The Roosevelt Hotel in Manhattan, an asset owned by a Pakistani governmental entity, was frozen by VI courts. (Photo: ENRIQUE VASQUEZ/CREATIVE COMMONS)

A Virgin Islands court has frozen shares in two hotels belonging to Pakistan’s national airline in one of the highest-dollar cases ever mediated through the territory’s courts. The order may soon put to the test a new
VI law designed to facilitate the recovery of assets hidden behind multiple companies.

Late last month, the VI Commercial Court, at the request of an Australian mining venture seeking to enforce a $6 billion award levied through the World Bank’s International Centre for Settlement of Investment Disputes, issued an order allowing Australia’s Tethyan Copper Company to enforce up to $3.1 billion of the award. The award is the largest ICSID settlement yet, and among the largest-ever awards in the VI as well.

ICSID is an entity set up to mediate disputes involving direct foreign investment by developed countries in less-developed ones.

Licence dispute

The case stems from a nearly decade-long dispute surrounding a licence from the Pakistani government granted to the Australian company to develop copper and gold mining ventures in the Balochistan region, one of the world’s largest untapped mineral deposits, according to court documents and news reports.

Last year, Pakistan agreed to pay damages of $5.84 billion to Tethyan Copper for blocking the permit after the company had sunk $220 million into the project, Reuters reported. Interest, damages and legal fees over the course of nearly a decade resulted in the massive award, court documents explained.
A subsequent discovery of facts turned up the hotels in question, which are split between two VI entities.

Subsequently, the court issued two orders: one allowing Tethyan Copper to enforce up to $3.1 billion of the award, and another freezing the shares in two VI companies — PIA Investments and PIA Hotels — owned by Pakistan International Airways, which is majority owned by the Pakistan government.
The order also froze the airline’s 40 percent interest in a third VI company, Minhal Incorporated.

The first two companies indirectly own the Roosevelt Hotel in Manhattan and the Scribe Hotel in central Paris, according to court documents.

The receiver, Paul Pretlove of VI firm Kalo Advisors, is tasked with ensuring the hotels are not sold at below market value and securing the proceeds of any sale that occurs, the documents explain.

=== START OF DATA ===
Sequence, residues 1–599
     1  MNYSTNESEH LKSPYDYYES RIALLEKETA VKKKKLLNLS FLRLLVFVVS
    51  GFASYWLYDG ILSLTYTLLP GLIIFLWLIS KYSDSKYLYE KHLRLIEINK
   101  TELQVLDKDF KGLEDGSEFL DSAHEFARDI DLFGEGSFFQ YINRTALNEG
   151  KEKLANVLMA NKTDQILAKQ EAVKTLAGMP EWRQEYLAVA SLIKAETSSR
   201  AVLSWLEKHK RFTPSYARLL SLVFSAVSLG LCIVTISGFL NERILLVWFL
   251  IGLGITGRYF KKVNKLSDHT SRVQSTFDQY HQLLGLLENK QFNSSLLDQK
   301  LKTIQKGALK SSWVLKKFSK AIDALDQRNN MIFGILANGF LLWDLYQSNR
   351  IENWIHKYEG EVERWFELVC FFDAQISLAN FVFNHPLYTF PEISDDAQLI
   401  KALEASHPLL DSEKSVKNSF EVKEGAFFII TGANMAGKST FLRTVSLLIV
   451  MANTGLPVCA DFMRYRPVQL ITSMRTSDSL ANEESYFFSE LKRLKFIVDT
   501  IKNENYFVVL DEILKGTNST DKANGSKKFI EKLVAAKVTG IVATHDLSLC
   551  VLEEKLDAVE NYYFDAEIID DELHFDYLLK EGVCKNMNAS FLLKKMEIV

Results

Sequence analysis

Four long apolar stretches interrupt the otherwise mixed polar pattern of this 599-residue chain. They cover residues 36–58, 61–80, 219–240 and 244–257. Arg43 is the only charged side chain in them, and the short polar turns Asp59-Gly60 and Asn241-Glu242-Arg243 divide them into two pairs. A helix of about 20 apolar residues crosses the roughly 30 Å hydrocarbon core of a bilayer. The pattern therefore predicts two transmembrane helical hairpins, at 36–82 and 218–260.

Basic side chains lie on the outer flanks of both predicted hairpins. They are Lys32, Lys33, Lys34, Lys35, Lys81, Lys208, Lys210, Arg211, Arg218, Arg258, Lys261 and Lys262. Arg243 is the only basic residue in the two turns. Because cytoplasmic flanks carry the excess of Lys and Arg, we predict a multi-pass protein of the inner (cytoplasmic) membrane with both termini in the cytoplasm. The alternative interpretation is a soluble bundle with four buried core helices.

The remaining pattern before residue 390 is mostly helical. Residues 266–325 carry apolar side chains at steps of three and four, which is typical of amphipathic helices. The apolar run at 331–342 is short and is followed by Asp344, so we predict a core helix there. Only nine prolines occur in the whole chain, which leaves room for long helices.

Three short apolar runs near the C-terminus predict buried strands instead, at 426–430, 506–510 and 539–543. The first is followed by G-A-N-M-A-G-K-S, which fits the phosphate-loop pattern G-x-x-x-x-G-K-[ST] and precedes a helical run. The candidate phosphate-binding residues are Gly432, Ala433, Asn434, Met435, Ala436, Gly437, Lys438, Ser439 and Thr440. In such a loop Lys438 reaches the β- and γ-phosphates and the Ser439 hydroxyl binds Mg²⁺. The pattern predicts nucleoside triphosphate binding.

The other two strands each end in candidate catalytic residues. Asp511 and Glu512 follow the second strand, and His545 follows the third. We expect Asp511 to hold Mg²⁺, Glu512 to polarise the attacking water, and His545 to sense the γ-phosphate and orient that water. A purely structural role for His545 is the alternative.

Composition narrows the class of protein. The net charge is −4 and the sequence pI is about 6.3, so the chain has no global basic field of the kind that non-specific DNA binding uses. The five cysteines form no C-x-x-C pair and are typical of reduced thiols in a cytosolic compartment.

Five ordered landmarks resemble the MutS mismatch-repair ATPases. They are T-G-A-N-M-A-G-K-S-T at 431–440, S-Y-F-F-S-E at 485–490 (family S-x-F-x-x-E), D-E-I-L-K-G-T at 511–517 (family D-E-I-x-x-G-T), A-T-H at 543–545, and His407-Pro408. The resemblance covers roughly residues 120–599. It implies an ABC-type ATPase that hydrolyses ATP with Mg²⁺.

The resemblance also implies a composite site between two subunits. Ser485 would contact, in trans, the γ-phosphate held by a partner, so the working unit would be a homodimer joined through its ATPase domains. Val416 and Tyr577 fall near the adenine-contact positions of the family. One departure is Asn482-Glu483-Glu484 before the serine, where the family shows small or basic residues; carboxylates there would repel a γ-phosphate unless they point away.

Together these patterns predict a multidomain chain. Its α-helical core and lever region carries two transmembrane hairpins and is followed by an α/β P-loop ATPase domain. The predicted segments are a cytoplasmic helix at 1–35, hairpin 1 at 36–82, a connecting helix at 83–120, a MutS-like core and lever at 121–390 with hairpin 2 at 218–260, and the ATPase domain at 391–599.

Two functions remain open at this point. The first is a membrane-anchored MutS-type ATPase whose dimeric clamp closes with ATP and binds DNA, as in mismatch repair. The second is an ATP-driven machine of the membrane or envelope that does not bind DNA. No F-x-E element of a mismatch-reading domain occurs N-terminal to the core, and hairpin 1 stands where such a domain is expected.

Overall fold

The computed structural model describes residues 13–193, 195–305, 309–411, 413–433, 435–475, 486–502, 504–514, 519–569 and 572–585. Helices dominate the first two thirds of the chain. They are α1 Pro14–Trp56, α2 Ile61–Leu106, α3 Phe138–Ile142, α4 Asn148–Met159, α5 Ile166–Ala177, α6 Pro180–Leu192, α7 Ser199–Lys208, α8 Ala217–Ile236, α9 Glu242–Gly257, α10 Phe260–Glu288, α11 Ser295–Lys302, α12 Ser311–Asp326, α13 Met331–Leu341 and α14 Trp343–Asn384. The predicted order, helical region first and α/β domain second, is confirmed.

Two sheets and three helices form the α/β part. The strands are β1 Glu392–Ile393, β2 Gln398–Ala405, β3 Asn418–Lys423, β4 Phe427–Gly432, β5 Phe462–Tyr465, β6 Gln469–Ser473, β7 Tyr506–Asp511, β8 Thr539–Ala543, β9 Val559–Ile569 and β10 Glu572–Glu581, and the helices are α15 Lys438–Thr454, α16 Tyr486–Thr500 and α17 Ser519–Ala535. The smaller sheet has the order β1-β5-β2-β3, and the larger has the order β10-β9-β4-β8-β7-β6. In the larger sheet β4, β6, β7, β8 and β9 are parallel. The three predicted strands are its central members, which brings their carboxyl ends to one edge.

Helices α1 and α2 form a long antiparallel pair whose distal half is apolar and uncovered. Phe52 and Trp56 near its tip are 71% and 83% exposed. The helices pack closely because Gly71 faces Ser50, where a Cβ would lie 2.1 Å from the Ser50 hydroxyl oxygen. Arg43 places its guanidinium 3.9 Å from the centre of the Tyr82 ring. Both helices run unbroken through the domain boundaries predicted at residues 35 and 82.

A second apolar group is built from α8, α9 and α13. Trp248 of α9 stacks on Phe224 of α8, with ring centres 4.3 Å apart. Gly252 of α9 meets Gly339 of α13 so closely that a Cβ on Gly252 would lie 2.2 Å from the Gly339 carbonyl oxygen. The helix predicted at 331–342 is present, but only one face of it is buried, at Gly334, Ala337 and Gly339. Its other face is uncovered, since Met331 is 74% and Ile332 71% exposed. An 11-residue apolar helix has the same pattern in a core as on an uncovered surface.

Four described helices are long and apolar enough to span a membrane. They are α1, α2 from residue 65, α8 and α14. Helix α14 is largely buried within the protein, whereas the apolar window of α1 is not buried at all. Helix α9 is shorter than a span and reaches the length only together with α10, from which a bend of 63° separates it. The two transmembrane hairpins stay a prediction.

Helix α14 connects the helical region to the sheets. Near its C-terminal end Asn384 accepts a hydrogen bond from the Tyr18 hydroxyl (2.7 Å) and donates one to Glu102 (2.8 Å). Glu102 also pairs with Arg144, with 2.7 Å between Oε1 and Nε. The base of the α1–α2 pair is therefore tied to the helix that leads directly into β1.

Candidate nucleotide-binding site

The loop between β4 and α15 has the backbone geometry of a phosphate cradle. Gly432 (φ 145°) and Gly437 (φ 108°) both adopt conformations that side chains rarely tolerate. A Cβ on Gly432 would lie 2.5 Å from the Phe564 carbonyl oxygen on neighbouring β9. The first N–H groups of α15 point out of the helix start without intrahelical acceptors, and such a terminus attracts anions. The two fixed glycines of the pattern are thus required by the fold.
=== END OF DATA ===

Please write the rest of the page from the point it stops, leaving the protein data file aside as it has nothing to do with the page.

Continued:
Many jurisdictions have faced challenges enforcing awards when parties, including governments, hide behind multiple companies in an effort to avoid payment, using a technique known as “layered asset protection structures,” according to legal experts.

The VI’s Charging Orders Act 2020, which came into force last March, was an attempt to combat this practice, and the Tethyan case is set to put it to the test for the first time.

At the time the act was passed, then-Attorney General Baba Aziz explained the reason- ing behind it to the House of Assembly.

“Some judgment debtors seek to avoid the enforcement of judgments of the High Court,” he said, adding, “The enactment of this bill will demonstrate that the territory is not a haven for recalcitrant debtors and those who would seek to evade justice by means of, in part, the use of asset-protection structures.”

The court’s powers apply to foreign judgments and awards once they become enforceable as a VI judgment, which ensures that a local court can enforce a foreign judgment or award against assets under its jurisdiction, according to the text of the bill.

The value of the 1,000-room Roosevelt Hotel has been disputed, but it was valued at $1 billion when the PIA sought to sell it in 2007, court documents stated.

The hotel, which opened in 1924, closed last month after its
revenue was gutted by the Covid-19 pandemic.

Proponents of the Charging Orders Act have called the law timely because the VI has been looking to broaden its economic platform and build confidence in its marketplace. “As we move commerce forward in the Virgin Islands, I think that this is a mature step,” Health and Social Development Minister Carvin Malone said last year when the law was discussed in the HOA.

A hearing on Tethyan’s bid to make the charging order final
is scheduled for March.

In the VI proceedings, Tethyan is being represented by Gibson Dunn & Crutcher, Martin Kenney & Co., and Joshua Folkard of 4 New Square.

KRyS Global is providing ex- pert evidence on asset recovery.


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